Loch Awe in spring - Photo courtesy of Neil Donald Photography






Saturday, 27 February 2016

MARGARET FORSTER AND ME by Gill Stewart










Margaret Forster, novelist, biographer and writer of truly memorable memoirs, died this month aged 77.


When I heard of her death, I felt I had suffered a personal loss. I felt as though she was a contemporary, a friend, who had experienced the same things I had and that now we would never be able to talk them over together. This is ridiculous in so many ways: she was my mother’s age, not mine; she was brought up in a council house in Cumbria while I was bought up in ‘nice’ private houses in Cheshire and then South Africa; she was a scholarship pupil at Oxford whereas I was a very average student at the University of Cape Town. And yet, and yet … in some strange way she was my friend, part of my family even.

My parents spent the last fifteen years of their lives in Cumbria, latterly very close to Carlisle. My mother loved the books of Hunter Davies (Forster’s husband of 56 years); my sister and I loved the books of Margaret Forster, especially her memoirs. As a family we were constantly giving each other Margaret Forster or Hunter Davies books as gifts, and conversations often contained references to them. Their lives and experiences seemed interwoven with ours.

Margaret Forster was a special person: clever, talented, generous, perceptive and yet shy and unassuming. I loved her. OK, I’ve never met her, but I loved what she gave me through her writing. Her beautiful style, a sense of hope and the possibility of achievement, an ironic acceptance of her own foibles and therefore mine. I was particularly moved by her last book, My Life In Houses , in which she shares her obsessions with the houses she had lived in – and those she hadn’t. This is an obsession I have too! When she imagined living in those houses she walked passed in Carlisle it was as though she was describing me. I could completely identify. As a student in Cape Town, South Africa, I used to plan my routes home from lectures depending on which houses I wanted to dream about that day.

Margaret Forster’s writing does something that really great writing can do – it validates and enhances our own life experience, allowing us to think differently about things, giving us new meaning.

A great loss, but also how lucky we are to have ‘known’ her, even if only through her books.

16 comments:

  1. So eloquent - makes me want to read her work! I may come knocking, Gill!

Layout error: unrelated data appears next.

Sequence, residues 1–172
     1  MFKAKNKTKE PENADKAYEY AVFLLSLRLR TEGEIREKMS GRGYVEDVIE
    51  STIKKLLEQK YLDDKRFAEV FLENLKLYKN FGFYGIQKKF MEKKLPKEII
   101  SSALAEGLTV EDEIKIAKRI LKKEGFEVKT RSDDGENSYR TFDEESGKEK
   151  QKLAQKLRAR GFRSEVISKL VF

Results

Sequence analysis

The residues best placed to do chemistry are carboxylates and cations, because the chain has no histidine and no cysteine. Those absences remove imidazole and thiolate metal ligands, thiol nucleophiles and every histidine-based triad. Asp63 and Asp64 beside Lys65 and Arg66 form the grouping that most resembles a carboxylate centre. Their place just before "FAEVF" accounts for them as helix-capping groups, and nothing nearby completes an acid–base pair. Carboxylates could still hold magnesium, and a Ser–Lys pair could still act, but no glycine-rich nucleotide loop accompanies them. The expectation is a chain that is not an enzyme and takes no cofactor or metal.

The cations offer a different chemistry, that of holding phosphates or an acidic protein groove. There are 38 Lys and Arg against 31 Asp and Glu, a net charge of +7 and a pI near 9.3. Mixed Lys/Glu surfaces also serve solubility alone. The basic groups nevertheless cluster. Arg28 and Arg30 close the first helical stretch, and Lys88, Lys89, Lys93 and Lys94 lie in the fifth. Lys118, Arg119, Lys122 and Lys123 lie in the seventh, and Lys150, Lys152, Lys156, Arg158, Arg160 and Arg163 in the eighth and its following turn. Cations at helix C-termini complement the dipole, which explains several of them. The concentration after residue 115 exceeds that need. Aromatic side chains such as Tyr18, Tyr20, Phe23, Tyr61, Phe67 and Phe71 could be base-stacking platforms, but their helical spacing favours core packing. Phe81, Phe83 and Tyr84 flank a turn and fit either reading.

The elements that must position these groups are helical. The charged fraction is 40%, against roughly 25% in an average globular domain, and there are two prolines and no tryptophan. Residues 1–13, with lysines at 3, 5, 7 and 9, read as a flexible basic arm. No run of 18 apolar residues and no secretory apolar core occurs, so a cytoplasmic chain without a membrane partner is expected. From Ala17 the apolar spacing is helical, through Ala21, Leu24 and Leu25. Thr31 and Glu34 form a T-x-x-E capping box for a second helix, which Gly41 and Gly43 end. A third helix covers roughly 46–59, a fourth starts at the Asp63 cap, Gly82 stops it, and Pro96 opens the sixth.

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    1. She's brilliant, thoroughly recommend!

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  2. I really enjoyed this Gill. I do have one Margaret Foster and I'm ashamed to say it is still languishing on my shelves so now I shall read it. It is strange how close you can feel to someone you have never met. Books and enjoyment of reading are great gifts.

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    1. They really are, aren't they? Thanks Gwen.

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  3. What wonderful memories to share with your sister, Gill - all the family discussions of Davies' and Forster's work. You have written so beautifully about Forster's writing that I'm off to add 'My Life in Houses' to my TBR pile too!

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    1. Although I don't want your TBR list to totter completely over Rae, it really is worth looking out for.

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  4. Brilliant blog post. I just have to buy My Life In Houses now! The village of Bourneville in Birmingham is like that for houses....all different, all covetable, all enough to send me into a daydream.

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    1. Thanks Linda. I do love houses! Not as much as books, of course, but it's a close thing.

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  5. Love this post. I do have several of her books but I too will be buying My Life In Houses!

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    1. Thanks Jennie. I feel that by sharing my love of MF with others I can maybe do her (and her memory) a tiny favour for all the joy she has given me. Hope you enjoy it!

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  6. Nice post, Gill. I enjoyed Forster's books, especially her novels and memoirs (though I was less keen than you on her biscuit one). I haven't read My Life in Houses and might give it a go but I see she has a new novel coming out in March.

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    1. Thanks Mary.Do give My Life In Houses a try, I really loved it.

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  7. A wonderful Blog Post but I was very sad to hear that the author Margaret Forster is no longer with us. A brilliant author, I have read many of her novels. I too will be buying My Life in Houses.

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    1. Thanks for commenting Camilla. I'm so pleased to hear my love of Margaret Forster's writing is shared.

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  8. Gill, I'm slightly embarrassed to say that I've never read any Margaret Forster. But I think I will try My Life in Houses.

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    1. I'd definitley recommend it. Also I think you'd enjoy 'Hidden Lives', which is mostly a memoir of her grandmother and mother and then parlty of her own life.

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